Following the latest meeting of the monetary policy committee, the Central Bank of Nigeria says it has hiked the monetary policy rate to 15.5%. By increasing the key interest rate by 150 basis points, the central bank hopes to “narrow the negative real interest rate gap and rein in inflation.” The rate increase came just days after the naira’s parallel exchange rate against the dollar plunged to a new low.

Narrowing the Negative Real Interest Rate Gap

According to the Central Bank of Nigeria (CBN), members of the bank’s monetary policy committee (MPC) have voted “unanimously to raise the policy rate to narrow the negative real interest rate gap and rein in inflation.” Following the vote, Nigeria’s key interest rate — the monetary policy rate (MPR) — now stands at 15.5%, up from 14%.

In a statement, the CBN said the decision to increase MPR by 150 basis points was made because members of the MPC felt that any attempt to loosen the policy rate would be detrimental.

At this [MPC] meeting, the option to loosen the policy rate was not considered as this would be gravely detrimental to reining-in inflation … The Committee thus voted unanimously to raise the Monetary Policy Rate (MPR) and the Cash Reserve Requirement (CRR). Ten members voted to raise the MPR by 150 basis points, one member by 100 basis points, and another member by 50 basis points.

Nigeria’s inflation rate, which has now grown by 280 basis points in just four months, stood at 20.52% in August 2022. To stop it from growing further, the MPC said it is necessary for the CBN to ensure that “significant focus [is] be given to taming inflation.”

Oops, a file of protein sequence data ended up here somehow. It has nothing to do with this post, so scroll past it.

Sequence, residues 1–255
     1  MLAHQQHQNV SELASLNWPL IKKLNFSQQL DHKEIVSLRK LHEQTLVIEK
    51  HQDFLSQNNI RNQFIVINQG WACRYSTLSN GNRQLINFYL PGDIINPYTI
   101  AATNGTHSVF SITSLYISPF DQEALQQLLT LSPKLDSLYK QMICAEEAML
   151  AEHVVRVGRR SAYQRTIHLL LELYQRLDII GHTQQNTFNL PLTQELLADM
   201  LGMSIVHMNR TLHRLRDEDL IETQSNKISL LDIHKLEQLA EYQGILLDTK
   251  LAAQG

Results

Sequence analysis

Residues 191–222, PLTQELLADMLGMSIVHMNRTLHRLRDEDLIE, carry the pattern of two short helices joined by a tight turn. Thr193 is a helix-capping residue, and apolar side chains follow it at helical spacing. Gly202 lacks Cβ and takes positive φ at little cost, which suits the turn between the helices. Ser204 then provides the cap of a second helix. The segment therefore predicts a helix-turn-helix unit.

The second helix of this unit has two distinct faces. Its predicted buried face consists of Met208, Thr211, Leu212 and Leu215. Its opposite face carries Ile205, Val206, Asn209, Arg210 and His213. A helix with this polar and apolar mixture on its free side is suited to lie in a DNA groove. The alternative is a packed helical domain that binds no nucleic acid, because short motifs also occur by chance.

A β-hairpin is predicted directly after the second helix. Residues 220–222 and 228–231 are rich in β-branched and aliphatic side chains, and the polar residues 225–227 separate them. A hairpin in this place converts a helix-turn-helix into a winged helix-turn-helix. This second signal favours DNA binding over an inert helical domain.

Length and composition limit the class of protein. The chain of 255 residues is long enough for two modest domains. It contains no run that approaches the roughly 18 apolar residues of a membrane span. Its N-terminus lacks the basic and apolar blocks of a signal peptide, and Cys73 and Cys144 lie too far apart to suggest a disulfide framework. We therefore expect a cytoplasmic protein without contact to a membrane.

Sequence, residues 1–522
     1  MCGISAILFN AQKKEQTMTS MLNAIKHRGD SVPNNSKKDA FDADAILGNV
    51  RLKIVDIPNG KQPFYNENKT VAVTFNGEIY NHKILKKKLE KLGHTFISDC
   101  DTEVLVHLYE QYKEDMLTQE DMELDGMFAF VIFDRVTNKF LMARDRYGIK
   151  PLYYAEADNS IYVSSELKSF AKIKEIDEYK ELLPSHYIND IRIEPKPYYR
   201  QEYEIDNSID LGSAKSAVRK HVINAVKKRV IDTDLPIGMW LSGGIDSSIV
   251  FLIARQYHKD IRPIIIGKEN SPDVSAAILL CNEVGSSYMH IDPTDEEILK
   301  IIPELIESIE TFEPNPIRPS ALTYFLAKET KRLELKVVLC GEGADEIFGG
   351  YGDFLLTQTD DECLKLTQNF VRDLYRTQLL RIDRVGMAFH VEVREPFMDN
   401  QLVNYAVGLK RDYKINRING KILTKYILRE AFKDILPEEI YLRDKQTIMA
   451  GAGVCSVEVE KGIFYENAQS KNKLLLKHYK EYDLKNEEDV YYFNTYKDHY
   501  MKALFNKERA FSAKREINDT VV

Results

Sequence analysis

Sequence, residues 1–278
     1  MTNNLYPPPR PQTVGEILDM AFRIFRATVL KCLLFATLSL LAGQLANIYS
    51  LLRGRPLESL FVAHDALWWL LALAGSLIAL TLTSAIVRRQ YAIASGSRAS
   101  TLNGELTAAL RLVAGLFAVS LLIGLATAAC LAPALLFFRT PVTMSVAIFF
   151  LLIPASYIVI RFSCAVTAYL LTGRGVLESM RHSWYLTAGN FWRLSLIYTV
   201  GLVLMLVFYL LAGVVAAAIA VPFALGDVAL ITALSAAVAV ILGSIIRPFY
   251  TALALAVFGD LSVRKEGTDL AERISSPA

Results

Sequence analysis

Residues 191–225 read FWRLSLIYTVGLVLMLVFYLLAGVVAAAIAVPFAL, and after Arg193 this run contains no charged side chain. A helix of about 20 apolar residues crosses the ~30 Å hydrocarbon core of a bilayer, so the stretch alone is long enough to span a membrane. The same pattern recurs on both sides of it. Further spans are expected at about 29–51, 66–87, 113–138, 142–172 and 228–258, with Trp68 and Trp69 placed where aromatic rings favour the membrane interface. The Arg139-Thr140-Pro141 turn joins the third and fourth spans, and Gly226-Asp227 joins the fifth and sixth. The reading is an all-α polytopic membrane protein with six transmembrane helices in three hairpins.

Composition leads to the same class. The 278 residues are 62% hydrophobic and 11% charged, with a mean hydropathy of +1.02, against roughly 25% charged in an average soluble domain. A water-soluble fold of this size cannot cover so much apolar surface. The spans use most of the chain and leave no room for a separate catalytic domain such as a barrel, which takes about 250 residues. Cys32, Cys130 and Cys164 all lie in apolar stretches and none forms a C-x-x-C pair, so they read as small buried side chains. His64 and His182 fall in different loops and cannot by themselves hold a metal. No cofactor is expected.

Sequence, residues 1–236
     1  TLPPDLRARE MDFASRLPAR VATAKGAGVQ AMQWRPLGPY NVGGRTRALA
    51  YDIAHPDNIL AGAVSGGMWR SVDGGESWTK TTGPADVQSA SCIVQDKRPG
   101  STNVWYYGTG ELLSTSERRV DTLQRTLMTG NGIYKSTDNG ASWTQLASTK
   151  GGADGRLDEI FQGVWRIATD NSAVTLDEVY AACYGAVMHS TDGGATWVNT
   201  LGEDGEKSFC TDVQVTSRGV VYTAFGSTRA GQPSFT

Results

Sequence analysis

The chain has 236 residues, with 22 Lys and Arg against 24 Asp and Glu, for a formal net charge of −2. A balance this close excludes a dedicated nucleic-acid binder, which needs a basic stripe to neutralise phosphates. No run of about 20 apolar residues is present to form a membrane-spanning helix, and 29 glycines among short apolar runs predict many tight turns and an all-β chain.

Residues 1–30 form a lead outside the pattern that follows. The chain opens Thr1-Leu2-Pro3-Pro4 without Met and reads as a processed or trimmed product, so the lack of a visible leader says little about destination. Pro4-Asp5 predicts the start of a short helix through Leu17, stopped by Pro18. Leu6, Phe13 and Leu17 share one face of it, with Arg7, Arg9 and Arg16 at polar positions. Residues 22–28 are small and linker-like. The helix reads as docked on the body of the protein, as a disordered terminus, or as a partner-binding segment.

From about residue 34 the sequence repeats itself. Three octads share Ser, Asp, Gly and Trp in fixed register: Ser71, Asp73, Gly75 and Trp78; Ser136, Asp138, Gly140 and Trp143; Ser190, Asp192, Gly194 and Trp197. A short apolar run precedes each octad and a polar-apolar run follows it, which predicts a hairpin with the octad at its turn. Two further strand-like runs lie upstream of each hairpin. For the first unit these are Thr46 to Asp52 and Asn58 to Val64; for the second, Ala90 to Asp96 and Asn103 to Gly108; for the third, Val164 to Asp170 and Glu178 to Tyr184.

Meanwhile, the bank’s decision to hike the MPR came just days after the Nigerian currency’s exchange rate against the U.S. dollar plunged to a new all-time low. According to a Bloomberg report, the naira’s parallel market exchange rate had dropped from 715 naira for every dollar to 720 naira per dollar. On the formal market, one U.S. dollar was buying just under 440 naira.

Following the naira’s latest significant depreciation, the spread between the currency’s official and parallel market exchange rate has now widened to over 280 naira.

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Terence Zimwara

Terence Zimwara is a Zimbabwe award-winning journalist, author and writer. He has written extensively about the economic troubles of some African countries as well as how digital currencies can provide Africans with an escape route.














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